Projecting Risks to City’s Finances as Office Market Recovery Lags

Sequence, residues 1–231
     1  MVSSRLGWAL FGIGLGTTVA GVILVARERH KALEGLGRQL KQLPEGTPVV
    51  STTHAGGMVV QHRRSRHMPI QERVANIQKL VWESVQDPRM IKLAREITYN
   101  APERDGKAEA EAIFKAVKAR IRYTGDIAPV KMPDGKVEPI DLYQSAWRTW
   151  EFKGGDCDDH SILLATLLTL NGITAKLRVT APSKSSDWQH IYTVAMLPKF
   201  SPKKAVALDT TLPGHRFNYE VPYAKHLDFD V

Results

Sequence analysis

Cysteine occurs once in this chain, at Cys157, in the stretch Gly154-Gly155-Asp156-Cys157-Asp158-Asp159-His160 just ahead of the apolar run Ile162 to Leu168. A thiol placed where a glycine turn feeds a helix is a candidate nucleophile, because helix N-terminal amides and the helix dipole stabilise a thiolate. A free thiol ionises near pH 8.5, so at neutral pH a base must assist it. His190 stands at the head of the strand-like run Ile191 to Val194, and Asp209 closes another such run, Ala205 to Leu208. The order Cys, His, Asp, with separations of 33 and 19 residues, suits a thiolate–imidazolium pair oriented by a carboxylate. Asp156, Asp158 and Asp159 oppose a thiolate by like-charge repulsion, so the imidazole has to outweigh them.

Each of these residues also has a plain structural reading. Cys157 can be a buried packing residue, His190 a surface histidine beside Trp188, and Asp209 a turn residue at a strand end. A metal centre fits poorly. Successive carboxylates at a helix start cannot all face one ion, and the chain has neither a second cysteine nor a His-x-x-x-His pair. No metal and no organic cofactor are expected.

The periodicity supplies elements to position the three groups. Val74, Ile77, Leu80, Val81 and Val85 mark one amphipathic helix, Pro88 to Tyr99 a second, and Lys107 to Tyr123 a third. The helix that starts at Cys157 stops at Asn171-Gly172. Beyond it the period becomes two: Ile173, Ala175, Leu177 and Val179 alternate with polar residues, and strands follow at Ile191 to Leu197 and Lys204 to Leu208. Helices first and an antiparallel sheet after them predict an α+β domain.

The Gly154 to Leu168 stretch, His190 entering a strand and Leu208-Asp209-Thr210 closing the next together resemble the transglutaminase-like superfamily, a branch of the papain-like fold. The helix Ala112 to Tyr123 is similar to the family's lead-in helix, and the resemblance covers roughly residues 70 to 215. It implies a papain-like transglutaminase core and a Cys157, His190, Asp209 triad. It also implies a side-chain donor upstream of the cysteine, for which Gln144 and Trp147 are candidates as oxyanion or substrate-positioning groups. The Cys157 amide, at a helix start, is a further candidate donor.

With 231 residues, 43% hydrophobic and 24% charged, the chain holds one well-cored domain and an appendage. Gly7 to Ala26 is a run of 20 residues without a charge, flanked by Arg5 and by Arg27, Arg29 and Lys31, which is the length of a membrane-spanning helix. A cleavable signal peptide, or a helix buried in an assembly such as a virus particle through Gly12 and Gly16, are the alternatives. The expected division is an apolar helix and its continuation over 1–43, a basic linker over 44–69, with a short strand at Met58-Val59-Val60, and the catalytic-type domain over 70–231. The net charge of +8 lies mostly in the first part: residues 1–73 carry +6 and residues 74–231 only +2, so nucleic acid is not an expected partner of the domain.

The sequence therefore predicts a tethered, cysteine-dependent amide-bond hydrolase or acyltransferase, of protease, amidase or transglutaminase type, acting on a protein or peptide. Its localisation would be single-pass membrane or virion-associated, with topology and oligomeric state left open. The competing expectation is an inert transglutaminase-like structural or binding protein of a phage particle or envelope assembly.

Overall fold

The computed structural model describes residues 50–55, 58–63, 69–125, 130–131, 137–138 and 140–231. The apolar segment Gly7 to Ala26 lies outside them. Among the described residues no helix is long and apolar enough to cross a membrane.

“While New York City’s economy has largely rebounded from the pandemic, the commercial real estate sector — in particular the office market, has not” according to the recently released report by the New York City Comptroller’s Office. Office buildings’ share of total New York City property tax levy is 21% in Fiscal Year 2024 (FY 2024); however, a continued decrease in demand for office space would put downward pressure on office rents and in result a long-lasting drop in office property valuations by the New York City Department of Finance (DOF). Focusing on the potential impact on property tax revenues and the risks the office market poses for the city’s finances, the report offers four scenarios as we look ahead. The first scenario reflects the baseline projection used in the Comptroller Office’s Executive Budget Report forecast and assumes that “DOF market values for Manhattan offices will grow by 3.2% in FY 2025, 2.7% in FY 2026 and 0.5% in FY 2027.” In the “optimistic” scenario, it is assumed that DOF market values will increase by 2.6%, 3.6% and 4.5% during the same fiscal year periods based on the forecast that “office rents would not only stop declining but revert to rates of growth in line with trends from 1998-2020, while vacancy rates would level off.” In contrast, the “doomsday” scenario assumes that market valuations “will decrease by 6% annually in FY 2025 to FY 2027 from the final FY 2024 market values, resulting in an estimated revenue shortfall of about 1.4% of city tax revenues; and although not a small amount, it is well within the range in which tax revenues can ordinarily vary.”